Key Outreach Activities & Tips
“When designing outreach activities for your community, remember that one size doesn’t fit all.”
Deciding on the right type of activity for your agency is a crucial part of getting started. Asking the following key questions will help your agency identify the best approach.
What resources does your agency bring to the activity? The type of activity your agency is able to conduct depends on the resources that can be devoted to the project. For example, does your agency have enough funds to pay only for printing flyers or does it have additional financial and staff resources to devote to a more extensive activity?
Does your agency have existing activities that can be expanded to include an affordable children’s health insurance component? Examples include health fairs, after-school recreation programs or ongoing partnerships with local schools or non-profit groups.
Is another group or agency already providing the outreach or enrollment activity that your agency wants to do? If so, is there a way your agency can collaborate or contribute to the existing effort to avoid duplicative efforts? Collaboration could include offering use of agency facilities for events or helping with publicity.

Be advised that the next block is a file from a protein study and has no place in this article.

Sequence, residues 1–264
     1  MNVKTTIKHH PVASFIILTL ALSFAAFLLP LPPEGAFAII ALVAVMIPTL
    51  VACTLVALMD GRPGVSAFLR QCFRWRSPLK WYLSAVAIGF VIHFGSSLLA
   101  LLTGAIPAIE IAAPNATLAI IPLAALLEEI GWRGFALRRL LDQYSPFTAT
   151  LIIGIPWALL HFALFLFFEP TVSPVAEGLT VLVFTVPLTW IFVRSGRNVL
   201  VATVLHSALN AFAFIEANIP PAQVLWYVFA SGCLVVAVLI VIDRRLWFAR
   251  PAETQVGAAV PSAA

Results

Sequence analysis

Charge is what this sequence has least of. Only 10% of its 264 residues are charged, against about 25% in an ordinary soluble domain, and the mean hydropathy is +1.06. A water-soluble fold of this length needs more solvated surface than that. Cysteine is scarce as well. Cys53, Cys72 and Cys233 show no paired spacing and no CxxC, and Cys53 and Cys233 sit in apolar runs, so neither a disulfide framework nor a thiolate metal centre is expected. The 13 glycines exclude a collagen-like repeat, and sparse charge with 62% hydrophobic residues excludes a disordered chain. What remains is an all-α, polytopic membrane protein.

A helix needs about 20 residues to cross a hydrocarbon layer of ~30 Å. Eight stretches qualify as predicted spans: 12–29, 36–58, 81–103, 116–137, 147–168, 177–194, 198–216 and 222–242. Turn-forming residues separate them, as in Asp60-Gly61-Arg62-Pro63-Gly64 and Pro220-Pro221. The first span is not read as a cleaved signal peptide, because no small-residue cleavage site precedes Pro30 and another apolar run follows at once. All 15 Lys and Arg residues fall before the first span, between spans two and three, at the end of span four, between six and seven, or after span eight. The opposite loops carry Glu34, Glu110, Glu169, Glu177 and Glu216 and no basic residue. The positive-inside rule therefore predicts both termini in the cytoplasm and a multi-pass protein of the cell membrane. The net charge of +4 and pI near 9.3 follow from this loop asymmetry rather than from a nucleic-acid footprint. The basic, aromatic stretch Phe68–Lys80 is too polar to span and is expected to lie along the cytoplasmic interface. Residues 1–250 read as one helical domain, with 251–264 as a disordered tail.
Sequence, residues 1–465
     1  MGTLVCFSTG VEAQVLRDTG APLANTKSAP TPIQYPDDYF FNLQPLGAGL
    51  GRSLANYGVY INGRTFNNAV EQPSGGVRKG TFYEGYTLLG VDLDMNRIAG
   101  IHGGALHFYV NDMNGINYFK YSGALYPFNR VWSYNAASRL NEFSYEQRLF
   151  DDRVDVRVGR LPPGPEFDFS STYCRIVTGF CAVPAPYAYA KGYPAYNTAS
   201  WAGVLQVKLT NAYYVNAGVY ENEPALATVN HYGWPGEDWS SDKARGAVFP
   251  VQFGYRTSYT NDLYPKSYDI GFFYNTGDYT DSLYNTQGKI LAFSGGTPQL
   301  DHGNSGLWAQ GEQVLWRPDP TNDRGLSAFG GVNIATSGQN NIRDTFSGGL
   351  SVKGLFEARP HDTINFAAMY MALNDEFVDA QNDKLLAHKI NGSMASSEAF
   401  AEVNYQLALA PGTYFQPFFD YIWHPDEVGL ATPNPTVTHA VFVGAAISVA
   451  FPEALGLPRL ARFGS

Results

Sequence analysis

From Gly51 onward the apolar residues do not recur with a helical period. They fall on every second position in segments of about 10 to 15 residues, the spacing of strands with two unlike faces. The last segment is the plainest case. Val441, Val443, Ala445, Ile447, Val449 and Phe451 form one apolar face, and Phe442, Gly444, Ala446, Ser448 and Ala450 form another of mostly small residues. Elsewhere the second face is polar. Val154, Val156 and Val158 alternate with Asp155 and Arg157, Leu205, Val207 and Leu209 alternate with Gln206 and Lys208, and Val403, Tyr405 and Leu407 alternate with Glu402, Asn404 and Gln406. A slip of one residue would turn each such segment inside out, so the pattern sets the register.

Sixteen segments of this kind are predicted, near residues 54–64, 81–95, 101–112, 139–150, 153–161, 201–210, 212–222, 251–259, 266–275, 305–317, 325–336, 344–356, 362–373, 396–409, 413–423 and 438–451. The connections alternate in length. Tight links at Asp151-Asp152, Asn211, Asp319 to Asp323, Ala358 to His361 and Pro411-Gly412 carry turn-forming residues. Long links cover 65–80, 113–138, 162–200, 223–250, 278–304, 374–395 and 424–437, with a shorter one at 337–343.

Does your agency want to limit its activities to simply providing families with information about affordable children’s health insurance? Or does your agency have resources to provide a broader range of activities to help families connect with health insurance for their children?
Do the proposed activities fit with what you know about the target population? For example, if the families your agency wishes to reach have second jobs on the weekend, then holding an enrollment event on a Saturday morning may not work. On the other hand, by making information available at neighborhood community centers where potentially eligible families congregate and making sure that the front-desk staff can respond to basic questions, you may be able to effectively reach your target population.
The following nine activities were developed as a result of three years’ effort by more than 10 cities and counties in California. They reflect the best practices and lessons learned by local agencies that reached out using more than 30 outreach or enrollment activities. The Institute for Local Government thanks the local officials and their local collaborating partners, who participated in the projects, for their leadership and creativity.